Loading Universal Audiology

How to Protect Your Ears from Loud Noises

Did you know that exposure to loud noises is one of the most common reasons why people develop hearing loss? According to the National Institute on Deafness and Other Communication Disorders (NIDCD), at least 10 million adults in the U.S. have noise-induced hearing loss in one or both ears. While you can still enjoy things like loud music and fireworks shows every once in awhile, repeated exposure for long periods of time can potentially cause permanent damage. Follow these tips on how to protect you and your family's ears the next time you're around high-volume noise.

1. Identify Which Sounds Are Too Loud

Sounds are typically measured in decibels (dB), but sounds perceived by the human ear are measured in A-weighted decibels (dBA). Exposure to any sounds over 85 dBA can cause noise-induced hearing loss. As the volume increases, your chances of developing hearing loss increase, as well. To help you understand the loudness of different sounds, here are some examples of common everyday noises and their dBA rating.


2. Reduce Your Exposure

The best way to protect your ears from loud noises is to avoid them. Remember that some exposure is okay; it's just when you are around loud noises frequently and for a long time that your hearing may be affected. Just try to be mindful of this through your day-to-day life. For example, you can watch a movie at home instead of going out to the theater, and you can keep the volume low on your headphones. If you find yourself in a situation with unexpectedly loud noise, try to back away from it and give yourself some distance.

3. Wear Hearing Protection

Some exposure to loud noises is inevitable, and that's okay. In that case, it's recommended to wear protective hearing devices, such as ear plugs or earmuffs. There are many different styles available, making it easy to find one that matches your needs and fits your ears comfortably. If hearing protection isn't available, you can cover your ears with your hands.

4. Have Your Hearing Evaluated

If you're concerned about potential hearing loss, schedule an evaluation. People who work in loud environments or who participate in loud recreational activities are at an increased risk. Watch out for warning signs that your hearing may not be as good as it used to be. For example, ringing in the ears (tinnitus) is commonly associated with noise-induced hearing loss. Likewise, if you find yourself asking, "What did you say?" or turning up the volume higher so you can hear, you may want to consult an audiologist and learn how to protect your ears from further damage.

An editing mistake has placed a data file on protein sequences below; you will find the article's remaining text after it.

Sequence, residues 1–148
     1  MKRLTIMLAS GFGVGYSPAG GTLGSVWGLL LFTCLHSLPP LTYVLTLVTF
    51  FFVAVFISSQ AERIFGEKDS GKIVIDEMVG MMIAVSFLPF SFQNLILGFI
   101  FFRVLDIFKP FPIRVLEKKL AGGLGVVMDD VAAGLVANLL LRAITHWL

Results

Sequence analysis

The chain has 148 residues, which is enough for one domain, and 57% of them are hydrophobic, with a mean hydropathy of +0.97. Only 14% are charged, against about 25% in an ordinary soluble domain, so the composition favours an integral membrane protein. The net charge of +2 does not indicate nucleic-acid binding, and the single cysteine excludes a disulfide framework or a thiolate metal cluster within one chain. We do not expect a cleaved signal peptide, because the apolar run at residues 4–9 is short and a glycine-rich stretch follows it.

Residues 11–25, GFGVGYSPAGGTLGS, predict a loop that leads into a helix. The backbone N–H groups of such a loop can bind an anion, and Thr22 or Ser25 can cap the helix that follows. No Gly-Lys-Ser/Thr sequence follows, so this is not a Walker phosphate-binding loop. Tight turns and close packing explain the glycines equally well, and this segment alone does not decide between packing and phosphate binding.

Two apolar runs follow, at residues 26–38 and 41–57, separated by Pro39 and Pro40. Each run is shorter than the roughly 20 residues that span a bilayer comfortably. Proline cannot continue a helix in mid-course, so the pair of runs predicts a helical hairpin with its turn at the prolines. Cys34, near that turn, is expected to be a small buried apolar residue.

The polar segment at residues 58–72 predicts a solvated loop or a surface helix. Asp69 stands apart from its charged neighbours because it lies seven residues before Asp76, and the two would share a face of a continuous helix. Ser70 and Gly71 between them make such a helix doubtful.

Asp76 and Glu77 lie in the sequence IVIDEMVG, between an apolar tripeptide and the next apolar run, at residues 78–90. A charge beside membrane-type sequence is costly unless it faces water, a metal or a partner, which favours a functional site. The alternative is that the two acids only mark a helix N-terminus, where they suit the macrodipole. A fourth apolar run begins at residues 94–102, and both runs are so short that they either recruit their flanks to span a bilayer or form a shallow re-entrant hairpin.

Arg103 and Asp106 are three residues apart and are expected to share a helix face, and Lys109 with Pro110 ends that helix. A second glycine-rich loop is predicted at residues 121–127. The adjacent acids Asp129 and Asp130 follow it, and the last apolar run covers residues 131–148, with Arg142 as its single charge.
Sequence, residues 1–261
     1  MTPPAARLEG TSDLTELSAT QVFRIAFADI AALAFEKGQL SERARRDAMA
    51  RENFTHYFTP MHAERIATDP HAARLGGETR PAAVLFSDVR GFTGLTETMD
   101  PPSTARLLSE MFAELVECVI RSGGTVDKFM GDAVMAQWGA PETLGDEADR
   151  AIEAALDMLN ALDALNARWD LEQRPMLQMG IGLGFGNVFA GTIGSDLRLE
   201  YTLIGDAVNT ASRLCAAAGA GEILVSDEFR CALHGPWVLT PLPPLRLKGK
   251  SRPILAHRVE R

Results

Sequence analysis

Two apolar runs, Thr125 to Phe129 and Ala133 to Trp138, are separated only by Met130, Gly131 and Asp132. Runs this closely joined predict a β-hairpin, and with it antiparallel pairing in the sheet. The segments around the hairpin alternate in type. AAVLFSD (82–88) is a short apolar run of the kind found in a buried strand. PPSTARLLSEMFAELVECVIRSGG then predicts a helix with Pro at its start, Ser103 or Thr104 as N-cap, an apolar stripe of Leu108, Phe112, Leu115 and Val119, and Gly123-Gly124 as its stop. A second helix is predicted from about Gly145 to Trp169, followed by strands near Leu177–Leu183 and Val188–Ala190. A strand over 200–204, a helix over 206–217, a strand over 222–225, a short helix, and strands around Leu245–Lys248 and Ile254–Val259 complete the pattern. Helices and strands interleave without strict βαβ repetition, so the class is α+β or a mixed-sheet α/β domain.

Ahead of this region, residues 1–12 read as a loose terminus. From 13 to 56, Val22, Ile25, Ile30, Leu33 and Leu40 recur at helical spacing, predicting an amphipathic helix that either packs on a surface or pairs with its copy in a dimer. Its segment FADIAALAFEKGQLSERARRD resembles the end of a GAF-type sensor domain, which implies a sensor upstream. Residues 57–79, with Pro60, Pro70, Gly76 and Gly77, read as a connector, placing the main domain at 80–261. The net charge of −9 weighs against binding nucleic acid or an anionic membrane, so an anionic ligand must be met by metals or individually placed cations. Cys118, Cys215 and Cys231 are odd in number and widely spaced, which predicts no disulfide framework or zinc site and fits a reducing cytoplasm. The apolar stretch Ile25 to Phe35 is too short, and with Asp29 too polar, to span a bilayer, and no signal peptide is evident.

Get the Facts on Noise-Induced Hearing Loss

Whether you already suffer from noise-induced hearing loss or you're trying to educate yourself on prevention, a visit to a specialist can help. We will be happy to talk about hearing protection and make sure your hearing health is the best it can be. Schedule your appointment today.

Joe Gullo at Starkey

Joseph Gullo II with Bill Austin, Owner & CEO of Starkey and Founder of the Starkey Foundation

Dunkirk Location

860 Central Avenue
Dunkirk, NY 14048

(716) 366-1188

Open Daily from 9:00am to 4:00pm

Orchard Park Location

3959 N Buffalo Rd
Orchard Park, NY

(716) 662-8102

Open Daily from 9:00am to 4:00pm

Jamestown Location

505 Foote Avenue
Jamestown, NY 14701

(716) 484-7399

Open Daily from 9:00am to 4:00pm

Olean Location

2223 West State Street, Suite 102
Olean, NY 14760

(716) 366-1188

Open Daily from 9:00am to 4:00pm

 

© 2019 Universal Audiology and Hearing Aid Center
Privacy Policy

Crafted by EarQ

 

menu home about us services hearing aids education contact
Universal Audiology on Facebook Universal Audiology on Google Plus

Jamestown

505 Foote Avenue
Jamestown, NY 14701

(716) 484-7399

Orchard Park

3959 N Buffalo Rd
Orchard Park, NY 14127

(716) 662-8102

Dunkirk

860 Central Avenue
Dunkirk, NY 14048

(716) 366-1188

Olean

2223 West State Street, Suite 102
Olean, NY 14760

(716) 366-1188